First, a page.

But what does that mean? Will the city turn to layoffs instead to meet the projected $30 million shortfall this year? The mayor has until Thursday at midnight to make a decision.
"Deadlines have the ability to focus the mind," Mayor Emanuel said Tuesday during a news conference. He sent city worker unions a message: There are only three days left to put ideas on the table.
"We've had meetings. I have ideas on how to solve this. I've asked them to come forward with their ideas," Mayor Emanuel said.
On Thursday, union agreements to take 24 furlough days a year will expire. The previous mayor, Richard M. Daley, presumed in his 2011 budget that the unions would agree to continued furlough days to save the city $30 million for the rest of this year. Daley expected Emanuel to re-negotiate the same deal. But now Emanuel says he won't offer to extend the furlough days because they aren't solving the problem.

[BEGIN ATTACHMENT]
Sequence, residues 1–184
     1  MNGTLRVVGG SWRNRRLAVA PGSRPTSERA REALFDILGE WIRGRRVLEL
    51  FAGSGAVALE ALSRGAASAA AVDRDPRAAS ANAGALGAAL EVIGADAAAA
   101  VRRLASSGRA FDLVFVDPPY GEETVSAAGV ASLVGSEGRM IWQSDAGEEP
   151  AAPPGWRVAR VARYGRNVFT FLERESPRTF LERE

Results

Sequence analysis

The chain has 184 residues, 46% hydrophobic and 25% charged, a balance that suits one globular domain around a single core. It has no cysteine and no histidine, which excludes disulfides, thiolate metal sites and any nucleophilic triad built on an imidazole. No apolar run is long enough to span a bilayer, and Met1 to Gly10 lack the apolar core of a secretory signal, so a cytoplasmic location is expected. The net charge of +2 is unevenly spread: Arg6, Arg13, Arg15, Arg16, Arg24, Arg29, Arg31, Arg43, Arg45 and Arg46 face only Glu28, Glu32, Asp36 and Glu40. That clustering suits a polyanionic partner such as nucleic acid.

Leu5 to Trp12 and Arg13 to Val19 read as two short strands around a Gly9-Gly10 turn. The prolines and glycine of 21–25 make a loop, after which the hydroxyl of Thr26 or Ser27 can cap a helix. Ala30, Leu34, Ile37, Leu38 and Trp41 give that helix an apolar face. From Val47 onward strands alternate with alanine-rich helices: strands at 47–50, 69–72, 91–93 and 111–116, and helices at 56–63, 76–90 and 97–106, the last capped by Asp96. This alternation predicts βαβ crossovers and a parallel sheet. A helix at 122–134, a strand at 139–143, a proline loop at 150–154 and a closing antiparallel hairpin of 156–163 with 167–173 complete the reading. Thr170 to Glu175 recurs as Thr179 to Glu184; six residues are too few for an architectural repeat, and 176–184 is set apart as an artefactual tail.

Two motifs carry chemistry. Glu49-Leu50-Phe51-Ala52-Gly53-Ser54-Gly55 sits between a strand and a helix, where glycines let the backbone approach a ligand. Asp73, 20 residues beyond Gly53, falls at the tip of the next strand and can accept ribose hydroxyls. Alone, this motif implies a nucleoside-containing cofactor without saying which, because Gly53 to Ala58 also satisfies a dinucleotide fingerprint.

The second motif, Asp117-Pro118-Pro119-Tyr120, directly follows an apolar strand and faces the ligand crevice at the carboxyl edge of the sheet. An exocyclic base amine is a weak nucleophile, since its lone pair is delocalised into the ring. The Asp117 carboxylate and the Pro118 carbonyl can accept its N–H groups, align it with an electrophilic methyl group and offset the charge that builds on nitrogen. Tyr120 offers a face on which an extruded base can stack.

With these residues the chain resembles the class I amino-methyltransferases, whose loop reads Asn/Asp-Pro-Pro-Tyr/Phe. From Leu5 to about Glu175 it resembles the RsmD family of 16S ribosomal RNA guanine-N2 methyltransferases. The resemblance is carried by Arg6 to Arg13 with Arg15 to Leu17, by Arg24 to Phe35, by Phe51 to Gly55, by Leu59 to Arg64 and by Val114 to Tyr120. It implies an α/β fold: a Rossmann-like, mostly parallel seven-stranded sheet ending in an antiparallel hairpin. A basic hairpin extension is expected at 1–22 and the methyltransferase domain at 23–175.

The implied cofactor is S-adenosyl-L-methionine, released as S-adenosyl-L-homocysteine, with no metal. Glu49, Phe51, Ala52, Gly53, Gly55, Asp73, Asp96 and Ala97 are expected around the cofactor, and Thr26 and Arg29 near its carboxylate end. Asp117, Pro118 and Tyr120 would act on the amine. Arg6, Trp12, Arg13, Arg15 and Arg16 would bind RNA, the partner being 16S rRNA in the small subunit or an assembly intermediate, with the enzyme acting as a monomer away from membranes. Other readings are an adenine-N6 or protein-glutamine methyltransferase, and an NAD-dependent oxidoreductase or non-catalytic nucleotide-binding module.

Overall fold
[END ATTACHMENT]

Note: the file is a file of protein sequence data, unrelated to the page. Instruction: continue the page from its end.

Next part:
"I do not think the furlough from either a morale perspective or from a cost perspective achieved everything or was the panacea that it was said to do," Emanuel said. "But, I'm committed to seeing through the $30 million savings, make no mistake about it. That's not an option."
Emanuel said he'll do that "without furloughs."
Emanuel said he wants to avoid layoffs, but has not ruled them out as way to achieve the $30 million in savings without other options. Chicago Federation of Labor President Jorge Ramirez -- with whom the mayor says he's negotiating -- was unavailable for comment. Ramirez and Mayor Emanuel were scheduled to meet Tuesday evening. Sources tell ABC7 Mayor Emanuel wants to break the 10-year contract Daley signed with the union a few years ago to get through the 2016 Olympics, which Chicago lost out on, without issue.
Earlier, the mayor had good labor news on the private sector job front. The high-tech healthcare information company Allscripts announced it was hiring 300 new workers at its Chicago headquarters.
"Those 300 jobs by the end of next year, we expect to build on that. And we expect to draw many of those employees from the city colleges and the like," Allscripts CEO Glenn Tullman said.
"These are high-paying, high value jobs in a promising field of healthcare," Emanuel said.